Tomas Berdych fired a verbal volley at Wimbledon after being forced to play on into the twilight gloom then return yesterday to book his place in the quarter-finals.
The Czech 10th seed was locked at 4-6, 6-3, 7-6 (8), 6-7 (9) with compatriot Jiri Vesely when their fourth round tie on Court Three was finally suspended on Monday.
Play finished a few minutes after the 9:19pm sunset in London and conditions were gloomy even before going into the lengthy tie-break. All other matches had been called off for the evening.
The pair returned for the final set yesterday, which 2010 Wimbledon runner-up Berdych won 6-3, claiming victory on his eighth match point.
“I can’t really see. That’s the fact. I was just asking to stop. When I ask, I’ve been told, ‘It’s too late, you have to finish that’,” he said of the fourth set tie break.
“The referee tells you that the Hawk-Eye is not in operation anymore. I don’t know why actually we have to play in those situations when a very accurate machine is not able to operate. I don’t think the human eye can see better than that. That’s another fact.
“I experienced this for a third time in a row. So I’m actually getting used to it.”
Berdych asked if the match could be moved under the lights of the Centre Court roof, as has happened before with matches suspended due to darkness. Play can continue on Centre Court until 11:00pm.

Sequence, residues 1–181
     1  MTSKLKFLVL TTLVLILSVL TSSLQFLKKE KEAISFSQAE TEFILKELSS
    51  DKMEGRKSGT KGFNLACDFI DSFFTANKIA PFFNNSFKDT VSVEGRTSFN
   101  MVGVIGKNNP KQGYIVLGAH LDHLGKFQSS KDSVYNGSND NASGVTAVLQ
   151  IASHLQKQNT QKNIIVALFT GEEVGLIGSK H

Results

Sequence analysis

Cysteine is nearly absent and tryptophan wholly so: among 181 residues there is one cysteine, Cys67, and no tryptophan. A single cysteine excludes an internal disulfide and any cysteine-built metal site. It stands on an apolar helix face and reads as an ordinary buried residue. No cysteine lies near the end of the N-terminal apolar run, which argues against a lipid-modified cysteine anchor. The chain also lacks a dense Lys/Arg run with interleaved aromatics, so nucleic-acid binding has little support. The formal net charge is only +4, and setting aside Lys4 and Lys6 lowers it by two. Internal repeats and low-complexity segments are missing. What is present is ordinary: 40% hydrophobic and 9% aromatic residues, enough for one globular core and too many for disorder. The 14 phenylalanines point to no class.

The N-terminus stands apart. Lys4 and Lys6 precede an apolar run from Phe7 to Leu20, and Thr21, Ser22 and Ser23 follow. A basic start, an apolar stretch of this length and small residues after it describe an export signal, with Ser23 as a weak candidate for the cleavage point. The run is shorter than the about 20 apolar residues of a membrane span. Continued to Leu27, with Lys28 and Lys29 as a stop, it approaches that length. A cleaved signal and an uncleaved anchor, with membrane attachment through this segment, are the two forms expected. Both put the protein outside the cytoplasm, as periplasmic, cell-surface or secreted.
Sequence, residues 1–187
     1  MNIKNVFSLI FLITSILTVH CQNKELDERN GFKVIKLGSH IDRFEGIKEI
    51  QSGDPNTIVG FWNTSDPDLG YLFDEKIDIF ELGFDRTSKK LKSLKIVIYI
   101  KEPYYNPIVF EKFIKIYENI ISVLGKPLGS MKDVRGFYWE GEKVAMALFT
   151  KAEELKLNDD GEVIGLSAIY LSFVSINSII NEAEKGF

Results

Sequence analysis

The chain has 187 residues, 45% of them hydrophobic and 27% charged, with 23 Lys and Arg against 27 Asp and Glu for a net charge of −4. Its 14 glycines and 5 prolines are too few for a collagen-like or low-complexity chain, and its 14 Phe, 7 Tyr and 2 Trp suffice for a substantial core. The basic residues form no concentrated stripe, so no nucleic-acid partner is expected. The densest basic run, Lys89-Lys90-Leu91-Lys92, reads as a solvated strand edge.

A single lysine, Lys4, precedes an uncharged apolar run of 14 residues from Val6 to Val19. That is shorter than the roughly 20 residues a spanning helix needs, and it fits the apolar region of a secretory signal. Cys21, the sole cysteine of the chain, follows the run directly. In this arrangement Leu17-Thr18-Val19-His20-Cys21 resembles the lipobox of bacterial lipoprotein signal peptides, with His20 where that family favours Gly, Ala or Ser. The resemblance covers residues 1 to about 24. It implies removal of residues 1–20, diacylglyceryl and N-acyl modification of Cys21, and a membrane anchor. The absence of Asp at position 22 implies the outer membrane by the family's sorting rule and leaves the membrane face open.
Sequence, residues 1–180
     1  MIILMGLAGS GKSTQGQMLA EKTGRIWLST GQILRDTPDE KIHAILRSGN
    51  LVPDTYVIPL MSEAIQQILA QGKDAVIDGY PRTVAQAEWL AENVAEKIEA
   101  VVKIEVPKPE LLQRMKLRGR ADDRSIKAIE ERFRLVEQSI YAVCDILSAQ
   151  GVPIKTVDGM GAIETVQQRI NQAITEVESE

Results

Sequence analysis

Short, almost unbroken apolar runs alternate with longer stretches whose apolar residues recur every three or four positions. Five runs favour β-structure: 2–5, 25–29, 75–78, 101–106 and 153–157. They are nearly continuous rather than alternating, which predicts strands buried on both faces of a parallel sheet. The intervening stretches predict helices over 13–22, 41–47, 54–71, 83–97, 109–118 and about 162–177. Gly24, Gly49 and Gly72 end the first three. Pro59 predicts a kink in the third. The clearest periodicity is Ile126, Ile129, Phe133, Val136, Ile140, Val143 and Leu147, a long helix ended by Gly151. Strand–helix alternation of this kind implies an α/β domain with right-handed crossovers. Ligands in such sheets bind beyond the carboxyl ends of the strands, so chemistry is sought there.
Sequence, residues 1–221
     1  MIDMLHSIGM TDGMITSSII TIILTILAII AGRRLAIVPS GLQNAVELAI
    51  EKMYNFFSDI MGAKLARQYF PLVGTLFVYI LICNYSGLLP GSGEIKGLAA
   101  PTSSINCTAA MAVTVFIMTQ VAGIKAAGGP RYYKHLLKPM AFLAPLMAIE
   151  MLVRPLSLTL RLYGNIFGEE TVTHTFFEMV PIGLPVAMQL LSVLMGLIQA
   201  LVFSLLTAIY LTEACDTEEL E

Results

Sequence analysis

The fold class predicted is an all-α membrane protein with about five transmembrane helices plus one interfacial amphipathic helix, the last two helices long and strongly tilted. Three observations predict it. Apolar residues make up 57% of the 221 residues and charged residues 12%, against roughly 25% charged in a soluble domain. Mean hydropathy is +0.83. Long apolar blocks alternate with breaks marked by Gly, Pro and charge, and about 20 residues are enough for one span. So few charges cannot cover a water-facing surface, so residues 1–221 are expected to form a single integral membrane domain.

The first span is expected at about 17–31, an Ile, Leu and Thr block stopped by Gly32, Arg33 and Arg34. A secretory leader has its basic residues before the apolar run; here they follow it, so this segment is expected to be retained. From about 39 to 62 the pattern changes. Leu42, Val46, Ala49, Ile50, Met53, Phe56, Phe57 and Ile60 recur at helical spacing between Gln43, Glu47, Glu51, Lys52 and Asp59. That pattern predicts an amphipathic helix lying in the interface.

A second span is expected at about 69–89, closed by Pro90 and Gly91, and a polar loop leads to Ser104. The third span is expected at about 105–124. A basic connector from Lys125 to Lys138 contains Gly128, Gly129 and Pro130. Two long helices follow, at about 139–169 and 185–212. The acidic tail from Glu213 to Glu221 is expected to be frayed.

But the frustrated Berdych said he had been literally left in the dark.
“I was asking for it. Especially when I’ve been playing for last couple of days consecutively. I just felt like there would be a chance to finish. But there was not really a clear answer why not,” he said.
Player power call
Two years ago, Berdych was involved in the latest-ever finish on Wimbledon’s outside courts, when he lost to Marin Cilic at 9:38pm on June 27, 2014 — a full 16 minutes after sunset.
Berdych called for more player power in deciding whether to carry on in fading light.
“We should have definitely some word in that because we are the ones who are on the court. We are the ones that are performing,” he said.
“The decisions are made by people who are sitting at the chair. That’s a bit unfair in this sense.”
However, “when you feel that you can’t really change any decision, it’s really pointless to try”.
Berdych next faces France’s 22-year-old Lucas Pouille, the 32nd seed, in today’s second match on Court One.
It is only the second time the 30-year-old has reached the last eight since his run to the final six years ago.
“I practiced with him one day before the tournament started. That’s the only time we’ve spent on the court together.
“There are plenty of things to see about his game. That’s what I’m going to do and prepare with my team,” said the Czech number one.
“Hopefully everything goes well, I can make the match done — and finally have a day off.”
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